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A Few Notes From the Fordham Conference

I wrote the following on March 13th, 2010:


I will have a more comprehensive post tomorrow on my thoughts on bank regulation, but I will offer a few thoughts here.  One thing I found interesting at the conference was what did not get much play in terms of what helped to create the crisis.

It was fascinating that no one talked about why the US bailed out holding companies, rather than letting them fail, and merely backing up the operating subsidiaries. This is significant.  The moment you put money into a holding company, it goes everywhere.  Regulators should only care about operating subsidiaries, and let the holding companies fail; let the costs be borne by the stockholders and bondholders of the failed company, but protect the regulated entities.

Also, few fingered the Fed’s monetary policy, where Greenspan and Bernanke created a culture of lenders who knew that the Fed would ride to their rescue when thing got modestly tough.  Unlike William McChesney Martin, who joked that the Fed’s job is “to take away the punch bowl just as the party gets going,” Greenspan and Bernanke were slow to remove the punch bowl, and quick to bring it back, creating lenders who would rely on the Fed to allow them to take too much risk.

Another miss was not blaming the failure of neoclassical economics to explain, much less predict the problems that we experienced.  Why invite any neoclassical economists at all to the conference?  The few economists that were ahead of the asset bubbles were ignoring neoclassical economics.  Neoclassical economics is a failed discipline that needs to be replaced by something that realizes that applying math to economics does not yield significant increases in understanding.  The Austrians, those who follow Minsky, and the non-linear dynamic school understand what is going on better, because they treat economics the same way we understand ecology.  And, no, applying math to ecology doesn’t help that much.

Preventing Too Big to Fail

There are three main ideas as I see it, in preventing “Too Big to Fail.”  The first is changing risk-based capital [RBC] policy to raise capital requirements on larger institutions.  Use RBC to discourage banks from getting too large.

The second idea, which also wasn’t talked about much at the conference, was to limit regulated entities from owning or lending to other financial institutions.  Do you want to limit contagion?  Well, if you do, you must limit the amount that regulated banks own of/lend to other financials.  That even applies to subsidiaries with the same ownership group.  Keep it clean.  If you are going to have financial holding companies let them own all subsidiaries directly to avoid capital stacking.  Ban cross-guarantees among subsidiaries.

The third idea, which I have touched on is that regulators should ignore holding companies and never, never, NEVER bail them out.  Bailouts should only come to regulated entities, and only after the resources of the holding companies have been drained to zero.

On Detecting Fraud

I appreciate what was said on detecting fraud by one presenter: check for adverse selection, honest businessmen won’t do business that way.  Also, it never make sense for a secured lender to accept inflated appraisals.  In short, the originate to securitize model allows originators to make substandard loans that they will not hold onto.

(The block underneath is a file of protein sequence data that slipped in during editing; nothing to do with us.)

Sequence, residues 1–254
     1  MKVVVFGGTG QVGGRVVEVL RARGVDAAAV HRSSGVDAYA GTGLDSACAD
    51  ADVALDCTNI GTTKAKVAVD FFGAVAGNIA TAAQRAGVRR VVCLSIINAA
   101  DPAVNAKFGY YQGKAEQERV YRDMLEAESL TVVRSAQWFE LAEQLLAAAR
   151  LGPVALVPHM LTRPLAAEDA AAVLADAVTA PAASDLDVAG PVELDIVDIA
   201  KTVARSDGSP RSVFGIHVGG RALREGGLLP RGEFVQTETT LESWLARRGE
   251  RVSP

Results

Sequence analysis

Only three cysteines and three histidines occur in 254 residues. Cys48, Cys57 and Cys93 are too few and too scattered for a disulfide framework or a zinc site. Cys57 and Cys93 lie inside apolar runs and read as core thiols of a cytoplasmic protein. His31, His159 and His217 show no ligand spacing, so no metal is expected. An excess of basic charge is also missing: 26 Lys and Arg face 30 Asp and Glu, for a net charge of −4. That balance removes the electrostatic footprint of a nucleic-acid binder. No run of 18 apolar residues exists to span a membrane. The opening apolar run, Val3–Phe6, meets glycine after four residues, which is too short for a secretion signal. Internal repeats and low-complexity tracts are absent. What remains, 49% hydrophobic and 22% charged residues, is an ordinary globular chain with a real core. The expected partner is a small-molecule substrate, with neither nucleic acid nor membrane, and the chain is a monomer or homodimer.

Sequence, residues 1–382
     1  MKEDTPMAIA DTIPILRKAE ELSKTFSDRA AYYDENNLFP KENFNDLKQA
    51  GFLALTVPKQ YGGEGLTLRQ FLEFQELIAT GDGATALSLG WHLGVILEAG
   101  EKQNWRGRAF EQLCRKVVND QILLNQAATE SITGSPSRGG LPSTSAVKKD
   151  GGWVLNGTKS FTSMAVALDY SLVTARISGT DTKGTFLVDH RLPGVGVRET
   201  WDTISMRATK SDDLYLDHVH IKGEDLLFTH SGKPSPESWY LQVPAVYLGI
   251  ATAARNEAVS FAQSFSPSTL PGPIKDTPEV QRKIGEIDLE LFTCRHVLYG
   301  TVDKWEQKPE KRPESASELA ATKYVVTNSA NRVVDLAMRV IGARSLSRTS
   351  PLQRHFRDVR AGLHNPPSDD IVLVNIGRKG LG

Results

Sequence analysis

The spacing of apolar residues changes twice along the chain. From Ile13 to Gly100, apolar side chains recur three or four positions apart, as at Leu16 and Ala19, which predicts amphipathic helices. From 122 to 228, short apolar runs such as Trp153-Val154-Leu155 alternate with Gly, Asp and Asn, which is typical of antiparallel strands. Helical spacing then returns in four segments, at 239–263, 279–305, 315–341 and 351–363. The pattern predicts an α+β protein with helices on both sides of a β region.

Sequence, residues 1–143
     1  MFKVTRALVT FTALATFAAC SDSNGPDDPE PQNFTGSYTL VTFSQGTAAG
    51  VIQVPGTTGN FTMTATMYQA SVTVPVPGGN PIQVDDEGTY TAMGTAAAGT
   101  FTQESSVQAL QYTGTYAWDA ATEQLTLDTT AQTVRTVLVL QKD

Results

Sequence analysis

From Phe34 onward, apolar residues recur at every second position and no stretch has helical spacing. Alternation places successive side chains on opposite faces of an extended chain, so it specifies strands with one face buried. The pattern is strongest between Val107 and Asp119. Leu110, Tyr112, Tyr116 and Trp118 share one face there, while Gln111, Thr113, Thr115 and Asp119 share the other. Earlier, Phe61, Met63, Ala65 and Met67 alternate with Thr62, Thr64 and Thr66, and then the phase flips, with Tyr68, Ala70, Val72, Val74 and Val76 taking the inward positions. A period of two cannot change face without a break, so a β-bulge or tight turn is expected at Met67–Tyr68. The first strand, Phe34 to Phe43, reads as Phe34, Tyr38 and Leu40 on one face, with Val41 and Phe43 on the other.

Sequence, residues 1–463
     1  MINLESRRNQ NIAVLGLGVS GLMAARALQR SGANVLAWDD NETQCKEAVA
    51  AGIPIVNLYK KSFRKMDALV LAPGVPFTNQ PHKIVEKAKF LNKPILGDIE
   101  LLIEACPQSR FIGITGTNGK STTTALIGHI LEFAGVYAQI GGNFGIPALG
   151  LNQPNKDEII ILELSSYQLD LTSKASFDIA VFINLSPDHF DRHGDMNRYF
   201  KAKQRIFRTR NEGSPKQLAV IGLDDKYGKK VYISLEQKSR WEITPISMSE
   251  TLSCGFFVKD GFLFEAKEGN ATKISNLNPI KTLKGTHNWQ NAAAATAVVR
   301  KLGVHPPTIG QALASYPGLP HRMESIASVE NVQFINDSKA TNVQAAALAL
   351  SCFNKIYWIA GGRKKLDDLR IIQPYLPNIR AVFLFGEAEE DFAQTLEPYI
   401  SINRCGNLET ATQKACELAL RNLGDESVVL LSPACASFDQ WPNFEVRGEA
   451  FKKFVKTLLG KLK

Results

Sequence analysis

This is why I say look for gain-on-sale accounting. There is something perverse about making money simply because a sale is made.  Under the GAAP principle of release from risk, which I believe is misapplied, financial entities should recognize profits more slowly than is the current practice.

When I was a buy-side analyst, I would analyze a company’s management culture for short-termism. Any management team that seemed too aggressive would get negative marks in my book and I would avoid them, or short them.

Remember you can never get pricing, volume and quality at the same time in lending. Companies that go for volume, or sacrifice quality are begging for trouble.  Financial companies are in a mature industry, so beware companies that grow fast.  Also beware of long dated accruals.  Accrual quality declines with length of time until payment and likelihood of payment.

Those that want to have regulators war-game future problems and predict black swans have their work cut out for them, even considering what I have said already.  But most of their attention should be fixed on the areas of the market where the greatest increase in lending is occurring.  Where debt is increasing the most is usually the area where there will be the most financing problems in the future.

One more note for regulators: look at the high short interest.  The shorts are doing you a favor.  They spend a lot of time analyzing who they think is cheating the system, and then they put their money on the line.  I would tell regulators to use the shorts as a guide.  Don’t automatically trust that there is something wrong, but use it as a guide to now begin your own due diligence into the solvency of the financial institution in question.

More Tomorrow — until then.


And indeed I will have more tomorrow.  There were financial reforms that were needed, but instead we got Dodd-Frank, which outsourced lawmaking to commissions who would study the issues.  It is a bad trend when legislatures abandon their responsibility and hand it off to commissions, or the voters.

Most financial reforms would be banking reforms, if they were done right.

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